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An excerpt from www.HouseOfNames.com archives copyright 2000 - 2016


Fulchambe is an ancient Norman name, that would have been used in Britain soon after the Conquest of the island in 1066. This name was given to a person who was a person who had a limp, or a malformed leg. The name was originally derived from the Old French fol, which means foolish, and jambe, which means leg. Such names are often attributed to people in jest. A broad and miscellaneous class of surnames, nicknames often referred or alluded to a physical feature. Unfortunately, on some occasions the tradition emphasized a physical deformity or injury in a way that would be considered cruel today, however, at the time this practice was meant only to identify a person by a distinguishing characteristi c.

Fulchambe Early Origins



The surname Fulchambe was first found in Derbyshire where by the early 11th and 12th centuries the name was already well established in the Peak District and was one of the marauding families of the East Cheshire and Derbyshire forests which were controlled by Sir George Vernon, known as the 'King of the Peak'. In the 13th century Sir Thomas Foljambe was Bailiff of the High Peak. These Cheshire and Derbyshire families provided the core of Knights and fighting men for the wars in France during that time. Foulsham is a village and civil parish in Norfolk that dates back to the Domesday Book where it was listed as Folsham and literally meant "farmstead of a man called Fugol" from the Old English personal name + ham. [1]CITATION[CLOSE]
Mills, A.D., Dictionary of English Place-Names. Oxford: Oxford University Press, 1991. Print. (ISBN 0-19-869156-4)
The village gave its name to a family of Puritan dissidents who fled England to America to settle in Hingham, Massachusetts, where they frequently changed their name to Folsom.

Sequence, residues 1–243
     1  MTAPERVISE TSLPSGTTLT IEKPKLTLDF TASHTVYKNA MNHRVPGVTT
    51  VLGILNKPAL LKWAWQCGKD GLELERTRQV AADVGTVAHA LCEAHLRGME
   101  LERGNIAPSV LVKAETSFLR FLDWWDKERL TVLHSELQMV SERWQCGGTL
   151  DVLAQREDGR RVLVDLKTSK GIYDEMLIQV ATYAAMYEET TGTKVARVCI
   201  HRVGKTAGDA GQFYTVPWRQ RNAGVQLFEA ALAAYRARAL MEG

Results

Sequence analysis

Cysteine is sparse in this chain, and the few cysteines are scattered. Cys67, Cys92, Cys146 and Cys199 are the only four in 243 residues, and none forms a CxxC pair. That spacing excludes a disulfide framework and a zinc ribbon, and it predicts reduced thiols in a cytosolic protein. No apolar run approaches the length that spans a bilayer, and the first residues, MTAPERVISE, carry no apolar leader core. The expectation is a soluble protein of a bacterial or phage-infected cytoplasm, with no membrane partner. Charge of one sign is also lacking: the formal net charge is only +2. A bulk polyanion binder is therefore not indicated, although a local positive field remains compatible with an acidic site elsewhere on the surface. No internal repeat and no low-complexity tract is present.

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Fulchambe Spelling Variations


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Fulchambe Spelling Variations



Anglo-Norman names tend to be marked by an enormous number of spelling variations. This is largely due to the fact that Old and Middle English lacked any spelling rules when Norman French was introduced in the 11th century. The languages of the English courts at that time were French and Latin. These various languages mixed quite freely in the evolving social milieu. The final element of this mix is that medieval scribes spelled words according to their sounds rather than any definite rules, so a name was often spelled in as many different ways as the number of documents it appeared in. The name was spelled Foljambe, Foljambes, Folgambe, Folgambes, Folyambe, Folyambes, Fuljame, Fuljames, Fulgambe, Fulgambes, Fulljames, Fullgames, Folljames, Foliambe, Fuliambe, Foliam, Fuliam, Foliams and many more.

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Fulchambe Early History


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Fulchambe Early History



This web page shows only a small excerpt of our Fulchambe research. Another 171 words (12 lines of text) covering the years 162 and 1622 are included under the topic Early Fulchambe History in all our PDF Extended History products and printed products wherever possible.